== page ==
Why Morality Presupposes God's Existence
An Indirect Reply to Jerry Billings' "Ethics Without God"
By Mario Derksen (M.A., Philosophy)
[Note: Please read this essay in its entirety in order not to misunderstand what I am saying.]
Many atheists are good people, in the sense that they don't live only for themselves but help others, give money to charitable organizations, serve their country, truly care for their family and friends, and don't wish to hurt anybody. It is quite right that they should point out, when debating atheism with a theist, that nobody is justified in jumping to the unwarranted conclusion that merely because they do not believe in God (or "a god"), they are morally corrupt and bad people. Holding to atheism doesn't necessarily make them morally depraved, so they argue, and while there are morally depraved atheists (mentioning names would be superfluous, I believe, but Howard Stern comes to mind), not all atheists are like that. There are many "good" atheists, so to speak.
While atheists are quite right about this (there are plenty of people who are virtuous but don't believe in God), the philosophical challenge I wish to present (or rather, re-present, for I am by no means the first one to do so) is that there is simply no reason for an atheist to be and do good. Let me make this clear:
If God doesn't exist, nothing matters.
If God doesn't exist, it doesn't matter if you're good or bad, if you help in emergency efforts or are one of those people who fly planes into buildings. It doesn't matter, if there is no God, whether you donate selflessly to a Pro-Life organization or if you are an abortionist. It just doesn't matter. If this is all there is to life, if no one ever has to give an account of what he's done, if there is no one who rewards and punishes, what's it all matter? Why not just look out for yourself, maximize the pleasures and minimize the pains of life? Why not have fun and let everyone else suffer? Who cares if someone is being treated unjustly, as long as you're feeling great? I mean, if there is no God and I simply cease to exist after death, whether I've been a Mother Theresa or a Howard Stern, a St. Nicholas or a Mao Tse-Dong, why not be totally selfish and leave everything and everyone else behind?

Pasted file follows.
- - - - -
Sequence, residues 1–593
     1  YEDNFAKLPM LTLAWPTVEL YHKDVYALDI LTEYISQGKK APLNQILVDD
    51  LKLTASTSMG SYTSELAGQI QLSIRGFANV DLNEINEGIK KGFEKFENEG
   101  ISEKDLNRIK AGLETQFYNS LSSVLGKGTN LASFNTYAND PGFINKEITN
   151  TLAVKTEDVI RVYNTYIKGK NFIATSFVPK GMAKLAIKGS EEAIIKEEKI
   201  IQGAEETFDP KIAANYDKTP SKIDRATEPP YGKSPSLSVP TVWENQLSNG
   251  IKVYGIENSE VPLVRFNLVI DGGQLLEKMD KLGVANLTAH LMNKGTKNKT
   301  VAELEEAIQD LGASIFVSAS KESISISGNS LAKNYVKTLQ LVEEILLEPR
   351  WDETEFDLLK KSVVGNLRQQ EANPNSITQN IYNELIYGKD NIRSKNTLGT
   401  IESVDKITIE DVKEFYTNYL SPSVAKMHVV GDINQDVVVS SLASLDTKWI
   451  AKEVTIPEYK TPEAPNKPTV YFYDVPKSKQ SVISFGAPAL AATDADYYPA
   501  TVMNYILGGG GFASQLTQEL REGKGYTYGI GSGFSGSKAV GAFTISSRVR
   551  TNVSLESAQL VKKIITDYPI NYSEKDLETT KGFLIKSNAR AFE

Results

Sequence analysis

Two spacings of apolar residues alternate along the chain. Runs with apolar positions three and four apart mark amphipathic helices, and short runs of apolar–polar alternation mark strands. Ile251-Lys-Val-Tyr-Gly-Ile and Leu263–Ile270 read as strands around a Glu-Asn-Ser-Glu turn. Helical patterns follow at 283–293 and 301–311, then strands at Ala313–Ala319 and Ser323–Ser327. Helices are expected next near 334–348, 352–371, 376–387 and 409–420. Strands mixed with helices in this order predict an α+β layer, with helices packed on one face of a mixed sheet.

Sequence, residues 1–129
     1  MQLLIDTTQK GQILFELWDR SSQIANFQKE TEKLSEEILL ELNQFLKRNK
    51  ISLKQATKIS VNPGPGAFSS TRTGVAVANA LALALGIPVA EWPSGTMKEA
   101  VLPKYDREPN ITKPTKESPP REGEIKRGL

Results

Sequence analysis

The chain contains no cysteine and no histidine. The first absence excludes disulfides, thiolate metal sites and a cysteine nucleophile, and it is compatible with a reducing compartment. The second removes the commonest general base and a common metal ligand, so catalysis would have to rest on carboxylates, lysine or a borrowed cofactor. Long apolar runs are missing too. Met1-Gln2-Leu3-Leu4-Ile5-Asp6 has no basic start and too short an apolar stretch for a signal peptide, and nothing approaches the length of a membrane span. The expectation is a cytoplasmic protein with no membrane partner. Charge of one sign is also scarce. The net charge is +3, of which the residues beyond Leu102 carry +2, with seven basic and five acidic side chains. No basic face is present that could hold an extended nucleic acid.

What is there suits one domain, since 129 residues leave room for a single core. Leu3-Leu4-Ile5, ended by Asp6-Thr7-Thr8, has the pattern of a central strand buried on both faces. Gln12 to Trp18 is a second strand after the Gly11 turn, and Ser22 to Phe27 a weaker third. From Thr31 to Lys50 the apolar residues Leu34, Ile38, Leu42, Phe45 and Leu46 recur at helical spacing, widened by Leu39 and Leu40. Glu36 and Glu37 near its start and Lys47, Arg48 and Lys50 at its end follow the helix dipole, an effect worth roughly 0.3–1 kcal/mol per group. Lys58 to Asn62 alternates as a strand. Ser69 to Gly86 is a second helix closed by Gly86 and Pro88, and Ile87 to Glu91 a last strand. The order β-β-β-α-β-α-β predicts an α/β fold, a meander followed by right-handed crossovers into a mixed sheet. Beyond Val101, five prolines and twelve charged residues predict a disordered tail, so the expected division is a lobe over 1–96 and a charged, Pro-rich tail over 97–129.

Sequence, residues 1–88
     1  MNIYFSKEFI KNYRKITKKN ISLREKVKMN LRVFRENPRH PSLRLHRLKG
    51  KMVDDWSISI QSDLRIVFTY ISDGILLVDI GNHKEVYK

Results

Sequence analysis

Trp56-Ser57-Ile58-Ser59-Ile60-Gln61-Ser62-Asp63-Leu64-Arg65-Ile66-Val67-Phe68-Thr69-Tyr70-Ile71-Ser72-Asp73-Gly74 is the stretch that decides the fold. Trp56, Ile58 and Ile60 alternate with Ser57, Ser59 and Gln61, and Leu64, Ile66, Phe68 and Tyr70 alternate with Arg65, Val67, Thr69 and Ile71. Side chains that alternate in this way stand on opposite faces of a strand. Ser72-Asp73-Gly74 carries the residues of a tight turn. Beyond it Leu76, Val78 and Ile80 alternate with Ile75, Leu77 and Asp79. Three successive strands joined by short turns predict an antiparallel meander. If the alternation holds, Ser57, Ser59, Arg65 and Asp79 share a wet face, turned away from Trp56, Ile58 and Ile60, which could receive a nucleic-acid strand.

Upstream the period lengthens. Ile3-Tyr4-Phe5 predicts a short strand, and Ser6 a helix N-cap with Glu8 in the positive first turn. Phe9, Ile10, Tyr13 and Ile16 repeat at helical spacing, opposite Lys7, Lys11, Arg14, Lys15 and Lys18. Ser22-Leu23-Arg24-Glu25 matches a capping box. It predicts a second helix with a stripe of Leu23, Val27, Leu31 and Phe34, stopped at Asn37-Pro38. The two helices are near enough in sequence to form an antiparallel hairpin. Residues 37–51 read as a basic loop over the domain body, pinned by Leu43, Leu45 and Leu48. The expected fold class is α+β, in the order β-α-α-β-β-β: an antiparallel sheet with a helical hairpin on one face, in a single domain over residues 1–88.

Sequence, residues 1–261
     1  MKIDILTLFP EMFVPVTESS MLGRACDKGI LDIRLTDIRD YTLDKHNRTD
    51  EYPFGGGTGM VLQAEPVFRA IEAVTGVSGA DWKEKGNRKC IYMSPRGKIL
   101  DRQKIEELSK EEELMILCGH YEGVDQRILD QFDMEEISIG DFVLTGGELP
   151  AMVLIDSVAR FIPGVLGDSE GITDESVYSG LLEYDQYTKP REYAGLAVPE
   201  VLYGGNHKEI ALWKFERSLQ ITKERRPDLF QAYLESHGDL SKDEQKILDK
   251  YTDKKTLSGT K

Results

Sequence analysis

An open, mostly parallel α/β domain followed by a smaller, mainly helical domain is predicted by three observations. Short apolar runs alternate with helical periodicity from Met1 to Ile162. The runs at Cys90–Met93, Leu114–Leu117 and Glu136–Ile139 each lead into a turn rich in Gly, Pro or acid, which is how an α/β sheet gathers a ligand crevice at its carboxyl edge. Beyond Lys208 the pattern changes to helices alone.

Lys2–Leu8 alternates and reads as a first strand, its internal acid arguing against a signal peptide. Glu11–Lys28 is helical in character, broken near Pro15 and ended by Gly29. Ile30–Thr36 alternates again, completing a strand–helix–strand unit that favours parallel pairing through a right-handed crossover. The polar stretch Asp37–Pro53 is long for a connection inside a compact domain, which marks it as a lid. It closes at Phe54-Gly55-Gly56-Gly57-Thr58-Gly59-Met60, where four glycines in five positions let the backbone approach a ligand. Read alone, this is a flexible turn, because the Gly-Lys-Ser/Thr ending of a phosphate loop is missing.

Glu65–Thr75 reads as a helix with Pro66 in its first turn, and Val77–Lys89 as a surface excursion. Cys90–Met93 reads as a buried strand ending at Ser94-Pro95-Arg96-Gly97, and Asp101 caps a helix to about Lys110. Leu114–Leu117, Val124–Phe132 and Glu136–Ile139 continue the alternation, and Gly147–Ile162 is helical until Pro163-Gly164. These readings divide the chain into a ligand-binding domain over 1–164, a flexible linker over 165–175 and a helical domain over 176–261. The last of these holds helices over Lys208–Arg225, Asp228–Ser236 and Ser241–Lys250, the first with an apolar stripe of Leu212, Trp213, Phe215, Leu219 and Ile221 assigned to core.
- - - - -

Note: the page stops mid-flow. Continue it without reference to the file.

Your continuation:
This might seem shocking to many. But if you really think about it, it's true. It doesn't matter how many children die each year if there is no God. There is no reason why I should help anyone or care for anyone at all. Common sense and compassion, which we (hopefully) all possess, compels us to reject such an idea that nothing matters and that we should only watch out for ourselves. But there is no reasonable answer to why we shouldn't, if God does not exist.
Pretty much any atheist, I certainly hope, would be totally repulsed by the idea that there is no reason not to look out only for ourselves if there is no God. But why? It cannot be demonstrated rationally , so the only basis the atheist has for maintaining at least a minimal account of morality is emotion. It just doesn't seem right to hurt other people, to steal from others, to cause pain to the innocent. It just doesn't feel right. But there is absolutely no rational reason an atheist could bring forward to defend his living an at least minimally moral life.
What I am NOT Saying
I am prone to be misunderstood here, so I want to spell out precisely what I do and do not mean here.
I do NOT mean to convey that
- all atheists are immoral
- all atheists should be immoral
- immorality is unique to atheists or necessarily connected to them
- one cannot learn morality or how to be moral unless one believes in God [because even though many recognize the moral law (natural law), they do not reason further to the existence of the moral lawgiver, God]